We have found the six cytological parameters proposed by Masood et al, [4] which are useful for cytological scoring of breast lesions. We found that to increase the accuracy of various groups, the scoring index be slightly modified; NPBD, which had score of 6-10, was modified to score of 6-8 with shift of score 9 and 10 to PBD without atypia, i.e., score 11-14 is modified to score 9-14.

This is important as the prognosis of Group II differs form Group I and has slightly increased risk. It was found that a few architectural features were consistently observed in cases of PBD. It includes three-dimensional epithelial clusters, swirling or streaming of intraluminal cells and peripheral, slit-like, irregular sub-lumens.

A few workers like Sneige and Staerkel [12] compared architectural features in FNA of ductal hyperplasia and ductal carcinoma in situ, and also the cytological scoring system of Masood's which we have followed in our study.

Even though Sneige and Staerkel [12] concluded that the architectural features were more useful for diagnosis of PBD, we found that in addition, cytological and nuclear features were helpful to distinguish these cases, as suggested by Dawson et al. [6]

PBD with atypia (Group III)

This group is important to identify, as it almost leads to malignancy and there are cytological features which overlap between PBD without atypia, PBD with atypia and low-grade carcinoma of breast. [10],[12],[15],[27] Besides cytological and architectural findings, many workers found that the six parameters of MMSI have helped in diagnosis of these cases a nd vice versa, [10],[15],[27] as was observed in one case in the present study. It was diagnosed as PBD with atypia on cytology, but on scoring and histopathology, it turned out to be a low-grade carcinoma breast.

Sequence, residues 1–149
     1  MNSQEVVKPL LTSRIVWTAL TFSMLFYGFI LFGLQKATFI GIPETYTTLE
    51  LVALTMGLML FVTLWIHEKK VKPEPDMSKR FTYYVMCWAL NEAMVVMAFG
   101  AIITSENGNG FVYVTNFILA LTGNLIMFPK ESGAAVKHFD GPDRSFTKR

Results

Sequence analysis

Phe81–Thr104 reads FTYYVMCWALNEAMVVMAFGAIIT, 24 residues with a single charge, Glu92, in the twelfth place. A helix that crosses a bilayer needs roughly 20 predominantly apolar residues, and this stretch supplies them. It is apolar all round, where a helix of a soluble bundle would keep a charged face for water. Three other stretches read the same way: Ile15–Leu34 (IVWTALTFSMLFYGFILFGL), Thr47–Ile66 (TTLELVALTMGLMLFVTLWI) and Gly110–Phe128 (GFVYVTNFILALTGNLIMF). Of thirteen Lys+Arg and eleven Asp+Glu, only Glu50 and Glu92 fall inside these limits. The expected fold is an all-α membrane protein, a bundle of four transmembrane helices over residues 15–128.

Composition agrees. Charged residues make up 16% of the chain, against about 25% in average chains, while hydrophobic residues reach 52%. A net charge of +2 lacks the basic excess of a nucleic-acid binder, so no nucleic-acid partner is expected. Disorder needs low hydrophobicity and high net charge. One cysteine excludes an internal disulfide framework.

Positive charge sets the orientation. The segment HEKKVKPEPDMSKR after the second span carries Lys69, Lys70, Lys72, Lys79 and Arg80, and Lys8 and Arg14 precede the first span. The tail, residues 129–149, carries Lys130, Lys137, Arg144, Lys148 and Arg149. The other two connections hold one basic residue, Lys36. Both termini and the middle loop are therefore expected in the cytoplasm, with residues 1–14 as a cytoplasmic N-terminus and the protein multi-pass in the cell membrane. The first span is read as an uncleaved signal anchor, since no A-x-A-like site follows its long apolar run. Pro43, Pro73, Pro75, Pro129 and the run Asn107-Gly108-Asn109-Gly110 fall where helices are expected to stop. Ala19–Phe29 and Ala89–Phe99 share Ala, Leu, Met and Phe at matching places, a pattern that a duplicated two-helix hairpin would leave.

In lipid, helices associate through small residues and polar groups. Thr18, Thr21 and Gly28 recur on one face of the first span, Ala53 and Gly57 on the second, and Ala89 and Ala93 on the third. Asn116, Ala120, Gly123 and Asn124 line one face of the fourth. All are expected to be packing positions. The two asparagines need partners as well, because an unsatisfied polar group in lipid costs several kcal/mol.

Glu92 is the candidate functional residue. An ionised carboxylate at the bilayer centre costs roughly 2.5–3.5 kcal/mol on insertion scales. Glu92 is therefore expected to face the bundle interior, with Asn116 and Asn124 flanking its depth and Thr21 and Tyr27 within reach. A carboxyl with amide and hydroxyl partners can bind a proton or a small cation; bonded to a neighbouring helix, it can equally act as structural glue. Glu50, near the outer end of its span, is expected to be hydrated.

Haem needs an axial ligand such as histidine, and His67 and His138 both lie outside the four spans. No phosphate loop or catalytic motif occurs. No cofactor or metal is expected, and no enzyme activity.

Some authors [3],[28] have found that PBD falls into a spectrum of lesions that increase in severity to ductal carcinoma in situ and carcinoma, as was found in our study where cytology showed the full spectrum of NPBD, PBD with atypia to carcinoma breast which was confirmed by MMSI and histopathology.

Carcinoma breast (Group IV)

The carcinoma breast group includes 29 cases confirmed by MMSI and histopathology. Various methods of cytological and nuclear grading of breast carcinoma have been advocated by Zajdela, [17] Hunts, [16] Layfield, [20] Black, [18] Moriquand et al[19] and Robinsons. [21] MMSI can be compared with Robinson's grading system as both have cellular and nuclear features for grading the breast carcinoma.

The Group V by cytological classification has six cases in which MMSI could not be used. Limitation observed in implementation of MMSI is inflammation which falsely increases the scoring due to nuclear atypia. Inadequate aspirate and dark nuclear staining interfere with proper scoring. Benign and malignant breast subtypes cannot be diagnosed by scoring system.

By this study, we infer that the histopathology criteria developed for the diagnosis of breast lesions can be applied to breast FNAC. FNAC helps to diagnose and categorize different breast lesions like NPBD, PBD without atypia, PBD with atypia and malignancy. Cytological methods have been proposed by various authors, of which we have utilized Masood's scoring index and slightly modified it by shifting score 9 and 10 from Group I to Group II. This helps in increasing the diagnostic accuracy and decides the line of management of cases. MMSI has its best use in accurate diagnosis of cytological NPBD and PBD without atypia cases. MMSI is a cost-effective method of identifying women with an increased risk for subsequent invasive breast cancer.

 Conclusions



MMSI was found to be a useful, easily reproducible scoring method of breast lesions and can be used to improve diagnostic accuracy of NPBD and PBD without atypia cases, as the prognosis and treatment of these cases varies.

 Acknowledgment



JSS Medical College, constituent college of JSS University, Mysore, is acknowledged.